By Kristy Eckert

It's a tearful goodbye, this one, for several women whose worlds intersected in a little shop and consider their lives all the better because of it.

Powell home décor boutique Found is closing its doors at the end of March.

For six years, the upscale shop introduced Central Ohio to several swoon-worthy lines, from Simon Pearce dishware to Sferra bedding. But more than that, says owner Jana Leino, it birthed so much more-her as a businesswoman, others' careers and enduring friendships.

Anne Ciotola still remembers the first time she walked in.

Finally! she thought-a chic store in her own little downtown that could easily have been in New York, Chicago or abroad.

"My house thanks me every day," Ciotola says, laughing.

But as quickly as she laughs, she tears up, because Found, she says, also brought her a family. Ciotola is a photographer whose work ended up being showcased and sold in the store. And she has become so close with Jana and Jana's husband, David, that she and her husband are now the legal guardians of the four Leino children should something happen to their parents.

"I've got these amazing friends," Ciotola says. "I would not have this big part of my life (without Found). … It really has changed our lives."

Janet Feheley was designing clothing for her family when, while she was shopping in the store, Leino complimented her dress. When she learned Feheley had made it herself, Leino asked her to make a few pieces for the store. Feheley is now in demand as a custom clothier for more women in Columbus than she can keep pace with.

Leino gave her the courage to do something she long had dreamed of, she says. And she, too, got a handful of friends out of the deal.

"Sometimes it was like therapy to go to the store," Feheley says. "You would leave feeling so much better."

Mary Beckett was a shopper who became an employee who has now launched her own interior design business. As sad as it is to see the store close, she says, the next couple of months are not about mourning it, but noting all it has done. "It's a celebration," she says.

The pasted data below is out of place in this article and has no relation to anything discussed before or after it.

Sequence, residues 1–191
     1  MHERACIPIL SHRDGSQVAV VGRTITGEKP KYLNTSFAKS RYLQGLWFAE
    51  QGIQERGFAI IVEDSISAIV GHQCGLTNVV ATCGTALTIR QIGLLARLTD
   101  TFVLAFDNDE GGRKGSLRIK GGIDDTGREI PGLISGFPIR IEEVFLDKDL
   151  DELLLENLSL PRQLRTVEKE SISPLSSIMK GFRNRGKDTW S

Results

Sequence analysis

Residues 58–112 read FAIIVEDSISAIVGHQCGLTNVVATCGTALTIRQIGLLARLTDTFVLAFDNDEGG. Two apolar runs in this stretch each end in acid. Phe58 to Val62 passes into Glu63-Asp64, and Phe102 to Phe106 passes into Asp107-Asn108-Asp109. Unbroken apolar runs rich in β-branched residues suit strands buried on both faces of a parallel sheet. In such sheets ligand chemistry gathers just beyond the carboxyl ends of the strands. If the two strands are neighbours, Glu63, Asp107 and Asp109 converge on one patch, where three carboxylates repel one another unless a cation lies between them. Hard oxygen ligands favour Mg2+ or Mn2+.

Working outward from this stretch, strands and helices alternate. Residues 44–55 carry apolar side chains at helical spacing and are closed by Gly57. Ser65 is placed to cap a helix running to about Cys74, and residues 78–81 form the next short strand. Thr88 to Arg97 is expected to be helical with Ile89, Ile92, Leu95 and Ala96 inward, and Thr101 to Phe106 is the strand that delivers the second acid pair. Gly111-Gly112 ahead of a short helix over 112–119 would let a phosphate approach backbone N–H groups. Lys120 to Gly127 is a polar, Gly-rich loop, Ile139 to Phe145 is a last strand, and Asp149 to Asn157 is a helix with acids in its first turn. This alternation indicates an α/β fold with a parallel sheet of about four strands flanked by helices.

When the shop opened, David Leino, a longtime retail executive who had retired early, planned to run it himself. But six months in, he decided to return to work. His wife, who never had worked in retail, took over the shop.

Now, the woman who long said "I'm just a mom" (and who maintains a motherly love toward her longtime employees Amy Legg and Jennifer Bakewell, who she credits with much of the store's success) is a savvy negotiator and inventive shopkeeper who is mulling her next venture.

"What she's become is this helluva negotiator," David Leino says of his wife. "She is tough with her vendors and what she expects. She had people reporting to her and was responsible for their lives."

The shop was turning a profit five years in, Jana Leino says. And while it hasn't made a lot in the past two years, it wasn't losing money and has no debt, she says.

With her oldest child heading to college in a year and a half, Leino just wants to devote more time to him and her other children, she says-and mull her next venture.

She's not certain what it will be, but she is walking away with confidence.

"It's time for me to move on and do the next step," she says. "It's been a really fun adventure."

The shop will mark most of its inventory beginning half off Feb. 19.